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I did exactly the same when I was in therapy the time before last. The only person who knew where I actually was, was my Manager (and I guess HR as well) - but my team (peers and subordinates) didn't know. I felt at the time this was the correct way to handle it.

Third time around in therapy (last year), I decided to be very open about my mental health, and the steps I was taking to help myself. So my emails became 'I can't do that then, I'm in therapy.'.

I found personally, that being honest and open to everyone about my problems actually contributed in a small way to my recovery effort. Even now, stabilised and medicated, I'm still honest and open about my [ongoing] journey, and who I was as person then, and who I am now.

I am never going to lie about being crazy again, it's not healthy.




Might I ask if the using the word 'crazy' at the end was a conscious choice? I do not wish to pry or pose a rhetorical question. I'm curious only because from the rest of the email you seem to be speaking in a dispassionate manner about the situation but that bit stood out as being different.

I could be way off the mark of course. I intend no disrespect or ill-will of any kind. I understand if you just say "None of your business" or something like that.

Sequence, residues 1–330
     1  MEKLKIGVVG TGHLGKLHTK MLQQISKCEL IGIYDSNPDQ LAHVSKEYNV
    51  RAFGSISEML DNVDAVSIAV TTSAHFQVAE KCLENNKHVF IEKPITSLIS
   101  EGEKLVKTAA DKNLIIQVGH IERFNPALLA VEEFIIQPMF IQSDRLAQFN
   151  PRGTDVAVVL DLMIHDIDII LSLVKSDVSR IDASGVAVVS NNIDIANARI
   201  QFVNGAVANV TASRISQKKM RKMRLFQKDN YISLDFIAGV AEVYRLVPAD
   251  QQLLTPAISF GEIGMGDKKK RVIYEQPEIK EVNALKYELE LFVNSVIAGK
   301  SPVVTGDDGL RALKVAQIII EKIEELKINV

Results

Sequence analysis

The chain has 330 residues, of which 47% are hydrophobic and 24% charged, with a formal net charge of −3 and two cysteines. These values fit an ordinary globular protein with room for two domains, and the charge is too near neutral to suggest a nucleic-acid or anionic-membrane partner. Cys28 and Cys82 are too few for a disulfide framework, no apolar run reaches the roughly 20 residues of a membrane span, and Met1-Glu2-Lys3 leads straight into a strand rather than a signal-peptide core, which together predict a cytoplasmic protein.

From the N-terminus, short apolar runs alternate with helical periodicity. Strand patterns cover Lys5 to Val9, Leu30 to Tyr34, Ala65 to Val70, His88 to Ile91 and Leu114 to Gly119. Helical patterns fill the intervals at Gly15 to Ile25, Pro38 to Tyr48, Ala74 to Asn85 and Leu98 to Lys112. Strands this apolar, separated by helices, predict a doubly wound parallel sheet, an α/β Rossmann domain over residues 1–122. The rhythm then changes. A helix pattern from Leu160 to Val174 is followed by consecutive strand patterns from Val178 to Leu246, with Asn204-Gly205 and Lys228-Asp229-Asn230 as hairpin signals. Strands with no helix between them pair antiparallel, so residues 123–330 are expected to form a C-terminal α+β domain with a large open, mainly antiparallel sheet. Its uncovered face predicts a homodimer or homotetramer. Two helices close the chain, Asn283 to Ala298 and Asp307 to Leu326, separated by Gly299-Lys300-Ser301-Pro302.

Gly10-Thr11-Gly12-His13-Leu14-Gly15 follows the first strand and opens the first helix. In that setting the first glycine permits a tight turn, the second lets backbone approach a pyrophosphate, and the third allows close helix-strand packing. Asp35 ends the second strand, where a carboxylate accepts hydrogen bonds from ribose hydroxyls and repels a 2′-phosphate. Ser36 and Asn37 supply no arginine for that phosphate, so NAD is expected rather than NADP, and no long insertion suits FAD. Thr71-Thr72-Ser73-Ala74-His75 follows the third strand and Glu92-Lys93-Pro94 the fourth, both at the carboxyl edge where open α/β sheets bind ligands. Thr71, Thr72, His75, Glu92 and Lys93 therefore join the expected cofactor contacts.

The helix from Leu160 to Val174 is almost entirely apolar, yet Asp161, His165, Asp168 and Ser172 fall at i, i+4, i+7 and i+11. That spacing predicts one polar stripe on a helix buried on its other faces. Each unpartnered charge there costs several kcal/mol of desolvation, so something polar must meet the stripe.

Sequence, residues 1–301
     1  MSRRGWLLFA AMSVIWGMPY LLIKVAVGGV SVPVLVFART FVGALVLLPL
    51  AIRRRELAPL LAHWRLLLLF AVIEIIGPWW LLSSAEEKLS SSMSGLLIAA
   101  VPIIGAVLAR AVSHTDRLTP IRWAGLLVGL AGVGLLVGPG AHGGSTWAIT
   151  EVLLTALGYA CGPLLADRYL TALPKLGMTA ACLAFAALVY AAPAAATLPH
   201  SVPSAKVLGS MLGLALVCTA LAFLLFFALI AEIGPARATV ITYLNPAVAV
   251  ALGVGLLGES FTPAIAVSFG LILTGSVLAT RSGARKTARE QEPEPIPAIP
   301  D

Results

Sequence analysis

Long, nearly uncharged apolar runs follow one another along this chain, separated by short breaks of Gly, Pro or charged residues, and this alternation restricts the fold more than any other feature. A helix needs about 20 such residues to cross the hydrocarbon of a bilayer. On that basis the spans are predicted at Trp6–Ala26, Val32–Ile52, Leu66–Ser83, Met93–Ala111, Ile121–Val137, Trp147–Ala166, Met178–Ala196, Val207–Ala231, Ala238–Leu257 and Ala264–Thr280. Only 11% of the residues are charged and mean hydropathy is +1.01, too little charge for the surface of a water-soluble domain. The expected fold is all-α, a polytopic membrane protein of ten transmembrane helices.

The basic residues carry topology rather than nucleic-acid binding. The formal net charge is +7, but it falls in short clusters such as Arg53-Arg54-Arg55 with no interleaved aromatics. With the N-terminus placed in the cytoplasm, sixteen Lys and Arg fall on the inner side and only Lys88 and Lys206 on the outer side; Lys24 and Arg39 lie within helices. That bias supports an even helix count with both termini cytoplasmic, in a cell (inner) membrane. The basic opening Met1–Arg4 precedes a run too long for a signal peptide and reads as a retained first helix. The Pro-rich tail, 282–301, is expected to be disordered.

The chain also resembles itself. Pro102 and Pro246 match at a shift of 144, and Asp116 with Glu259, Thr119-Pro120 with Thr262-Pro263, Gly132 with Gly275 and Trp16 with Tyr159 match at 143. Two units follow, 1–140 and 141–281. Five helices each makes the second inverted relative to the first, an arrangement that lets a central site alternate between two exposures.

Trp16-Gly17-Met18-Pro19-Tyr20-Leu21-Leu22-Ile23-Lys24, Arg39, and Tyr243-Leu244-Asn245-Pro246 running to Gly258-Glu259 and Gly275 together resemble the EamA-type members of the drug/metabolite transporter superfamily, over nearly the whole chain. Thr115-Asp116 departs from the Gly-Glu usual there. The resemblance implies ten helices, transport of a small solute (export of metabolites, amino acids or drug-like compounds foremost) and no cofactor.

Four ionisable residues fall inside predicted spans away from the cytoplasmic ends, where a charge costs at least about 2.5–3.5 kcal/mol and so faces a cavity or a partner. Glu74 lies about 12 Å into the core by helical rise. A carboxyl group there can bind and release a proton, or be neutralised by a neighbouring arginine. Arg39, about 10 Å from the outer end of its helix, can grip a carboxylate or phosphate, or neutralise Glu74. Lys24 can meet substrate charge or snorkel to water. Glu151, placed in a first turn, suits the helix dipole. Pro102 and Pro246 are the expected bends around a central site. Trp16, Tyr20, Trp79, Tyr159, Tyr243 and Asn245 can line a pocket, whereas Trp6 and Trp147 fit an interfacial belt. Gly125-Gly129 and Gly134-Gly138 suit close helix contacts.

Nah, it's fine :)

'Crazy' is how I view myself. It helps me accept my broken brain, and more importantly, makes it easier to stay on the meds. Without the meds, I'm into serious depression and anxiety territory. It's no fun being there, so better to call myself Crazy. It is what it is. Also, I use self depreciating humour as defence mechanism. People I know personally don't like it when I call myself Crazy though, not sure why.

One day I do intend to get an 'I AM crazy, the doctor had me tested.' t-shirt. (see what I did there?)


IMHO defining yourself as "having" or even "being" some mental health label can be reinforcing and self defeating.

And if I had a friend who defined themselves as crazy that would honestly strike me as obnoxious. (I'd give a pass for schizophrenia or the like. Then your brain truly would be broken).

I say this having struggled in my own way (as, many, many - probably the majority - of people do at some point) with forms of anxiety and depression.

Everybody is trying to focus. Everybody is trying to be happy and stable. Everybody is trying to get by.


Just to dispell some common misunderstanding in this area: People with anxiety, depression, and bipolar disorder can act in ways that make people think they're just as "crazy" as people with schizophrenia. There isn't a hard dividing line between schizophrenia and other "less severe" psychiatric conditions. The definitions of them are fuzzy and it's better to think of the whole thing along the lines of a spectrum of affectedness.

My point is that anyone can be "broken"... Not just people with schizophrenia. And sometimes, for both schizophrenia and other conditions, accepting that you're somewhat broken in a way can be very helpful. It allows you to accept help more easily and relieve yourself of personal blame for the ways you may have acted or continue to act due to the condition.

Source: I have a schizophrenia-spectrum disorder.


Thank you for your openness and honesty.

Good luck!




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